Feds indict Baltimore malpractice lawyer Stephen Snyder, alleging he extorted UMMS transplant unit

Federal prosecutors in Baltimore indicted well-known medical malpractice lawyer Stephen L. Snyder on attempted extortion charges, saying he threatened to conduct an aggressive campaign to embarrass the University of Maryland Medical System over what he called dangerous organ transplants if it didn’t pay him $25 million.

The charges were announced late Monday and follow an attempt to sanction him by the Maryland Attorney Grievance Commission. Snyder, 73, faces as much as 20 years in federal prison if convicted on the federal charges.


Prosecutors said that Snyder demanded the hospital system pay him millions of dollars or else he would launch an online and media campaign that alleged University of Maryland doctors had transplanted diseased organs into patients without telling them.

“Snyder allegedly demanded that UMMS disguise the $25 million payment as a sham consulting arrangement between Snyder and UMMS,” prosecutors wrote.


Reached by a Sun reporter Monday evening, Snyder said he was not aware of the charges and declined to comment.

But he previously denied the accusations against him. In an interview with The Sun last July, he asserted that he has done nothing wrong and the hospital system filed the complaint with the attorney grievance commission to silence him.

“I’m really the victim, to be honest with you,” Snyder told The Sun at the time. “Unfortunately I’m being portrayed as the villain.”

Snyder said previously that he sought to become a paid consultant for the hospital, with his client’s approval, “so I could help straighten them out as a result of all the misconduct that was existing, and help prevent any future tragedies.”

In the new indictment, federal prosecutors allege Snyder was recorded saying: "You’ll use me when you want me, if at all. You know, when you need me, you know, you’ll call me once a month or you’ll have lunch with me once a month, and you’ll get advice from me. Hopefully, nothing will ever surface, no cases or anything. I don’t think they will.”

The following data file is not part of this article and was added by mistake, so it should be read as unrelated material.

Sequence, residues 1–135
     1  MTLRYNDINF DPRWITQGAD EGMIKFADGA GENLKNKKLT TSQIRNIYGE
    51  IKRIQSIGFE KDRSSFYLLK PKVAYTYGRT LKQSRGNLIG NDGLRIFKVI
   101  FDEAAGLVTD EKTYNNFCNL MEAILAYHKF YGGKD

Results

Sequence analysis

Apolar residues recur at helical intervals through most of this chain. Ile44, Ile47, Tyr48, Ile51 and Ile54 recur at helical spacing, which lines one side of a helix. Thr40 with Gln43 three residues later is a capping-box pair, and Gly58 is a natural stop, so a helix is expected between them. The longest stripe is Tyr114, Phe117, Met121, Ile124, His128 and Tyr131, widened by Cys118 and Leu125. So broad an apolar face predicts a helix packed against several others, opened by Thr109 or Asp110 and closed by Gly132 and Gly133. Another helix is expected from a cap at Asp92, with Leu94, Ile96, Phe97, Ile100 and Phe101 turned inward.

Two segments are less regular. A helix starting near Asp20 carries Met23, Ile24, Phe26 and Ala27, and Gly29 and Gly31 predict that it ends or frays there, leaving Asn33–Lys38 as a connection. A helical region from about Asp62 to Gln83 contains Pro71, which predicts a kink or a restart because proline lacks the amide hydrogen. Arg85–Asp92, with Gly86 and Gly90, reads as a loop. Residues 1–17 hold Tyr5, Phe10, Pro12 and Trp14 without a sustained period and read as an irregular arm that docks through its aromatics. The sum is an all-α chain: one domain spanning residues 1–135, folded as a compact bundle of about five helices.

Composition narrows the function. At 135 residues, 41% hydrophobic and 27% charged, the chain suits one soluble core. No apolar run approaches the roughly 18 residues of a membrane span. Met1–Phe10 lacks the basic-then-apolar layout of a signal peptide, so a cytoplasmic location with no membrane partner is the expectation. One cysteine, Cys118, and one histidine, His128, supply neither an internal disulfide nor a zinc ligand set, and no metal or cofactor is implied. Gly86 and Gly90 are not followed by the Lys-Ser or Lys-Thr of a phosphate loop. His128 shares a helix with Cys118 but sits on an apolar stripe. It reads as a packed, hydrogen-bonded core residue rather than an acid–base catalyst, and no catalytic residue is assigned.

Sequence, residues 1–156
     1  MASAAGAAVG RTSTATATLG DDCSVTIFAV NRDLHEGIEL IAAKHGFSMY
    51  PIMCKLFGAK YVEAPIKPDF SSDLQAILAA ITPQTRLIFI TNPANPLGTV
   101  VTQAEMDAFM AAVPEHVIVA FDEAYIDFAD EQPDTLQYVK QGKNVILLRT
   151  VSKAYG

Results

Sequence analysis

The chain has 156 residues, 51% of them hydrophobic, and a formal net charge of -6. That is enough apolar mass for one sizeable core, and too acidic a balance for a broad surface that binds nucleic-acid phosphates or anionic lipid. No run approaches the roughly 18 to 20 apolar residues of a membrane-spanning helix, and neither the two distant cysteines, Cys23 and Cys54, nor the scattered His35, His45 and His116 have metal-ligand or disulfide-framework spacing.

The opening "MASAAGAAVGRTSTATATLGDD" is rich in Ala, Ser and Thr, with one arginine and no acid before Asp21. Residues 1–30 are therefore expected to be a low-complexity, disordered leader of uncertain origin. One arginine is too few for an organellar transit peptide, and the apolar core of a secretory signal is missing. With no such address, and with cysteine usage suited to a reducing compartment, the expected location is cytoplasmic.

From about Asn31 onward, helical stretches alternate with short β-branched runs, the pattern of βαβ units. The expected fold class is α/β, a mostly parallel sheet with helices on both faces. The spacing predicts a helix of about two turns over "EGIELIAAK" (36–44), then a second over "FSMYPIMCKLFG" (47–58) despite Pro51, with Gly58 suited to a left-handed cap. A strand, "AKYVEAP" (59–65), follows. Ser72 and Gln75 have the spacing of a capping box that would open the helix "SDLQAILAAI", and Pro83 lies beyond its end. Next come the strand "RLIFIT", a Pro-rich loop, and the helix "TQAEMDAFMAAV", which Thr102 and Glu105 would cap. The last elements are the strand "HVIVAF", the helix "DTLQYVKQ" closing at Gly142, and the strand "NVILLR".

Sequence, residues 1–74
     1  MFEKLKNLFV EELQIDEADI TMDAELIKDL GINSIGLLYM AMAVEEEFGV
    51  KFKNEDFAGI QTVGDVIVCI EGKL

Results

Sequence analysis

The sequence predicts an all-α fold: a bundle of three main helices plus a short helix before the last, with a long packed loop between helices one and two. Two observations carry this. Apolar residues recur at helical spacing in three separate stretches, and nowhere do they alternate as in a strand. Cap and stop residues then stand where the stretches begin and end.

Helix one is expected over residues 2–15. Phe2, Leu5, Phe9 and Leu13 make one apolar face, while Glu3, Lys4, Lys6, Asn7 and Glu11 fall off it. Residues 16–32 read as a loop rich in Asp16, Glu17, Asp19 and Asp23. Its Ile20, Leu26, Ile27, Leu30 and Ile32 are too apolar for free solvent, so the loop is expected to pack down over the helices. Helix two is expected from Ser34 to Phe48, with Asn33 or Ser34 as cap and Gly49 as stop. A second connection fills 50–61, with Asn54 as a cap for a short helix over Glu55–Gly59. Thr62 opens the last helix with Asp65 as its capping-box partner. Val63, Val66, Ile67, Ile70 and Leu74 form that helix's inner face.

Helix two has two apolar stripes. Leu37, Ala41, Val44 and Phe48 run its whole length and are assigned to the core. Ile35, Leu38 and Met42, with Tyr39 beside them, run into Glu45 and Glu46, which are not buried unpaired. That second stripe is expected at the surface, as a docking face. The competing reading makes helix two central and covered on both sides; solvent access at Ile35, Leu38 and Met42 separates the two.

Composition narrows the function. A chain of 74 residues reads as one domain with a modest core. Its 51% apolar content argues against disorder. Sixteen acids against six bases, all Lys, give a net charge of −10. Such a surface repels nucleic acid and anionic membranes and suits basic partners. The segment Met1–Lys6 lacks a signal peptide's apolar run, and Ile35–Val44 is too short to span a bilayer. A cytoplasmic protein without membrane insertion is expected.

Snyder has long been considered one of Maryland’s top plaintiff’s attorneys. His firm, Snyder Litigation Group, produces television commercials with the slogan: “Don’t just sue them. Snyder them.”

The federal case levels serious accusations against Snyder while shedding light on the secretive process of resolving major medical malpractice claims behind closed doors.

UMMS, which went to the FBI in early 2019, declined to comment on the charges Monday but defended its work on organ transplants, saying “our experts often handle the most complex cases that other transplant centers have declined, and our program’s capabilities in kidney, heart, liver, pancreas and lung transplantation are well-recognized regionally and nationally.”


University of Maryland ultimately paid settlements on at least two cases brought by Snyder and his clients; one client was the wife of a man who died after surgery, and the other was a woman paralyzed after undergoing transplant surgery.

The complaint also alleges that at one point Snyder told hospital officials he was ready to launch an advertising campaign, showing them a video he produced called “Caught Red Handed.” He characterized the case of the man who died as a “gold mine,” according to the complaint.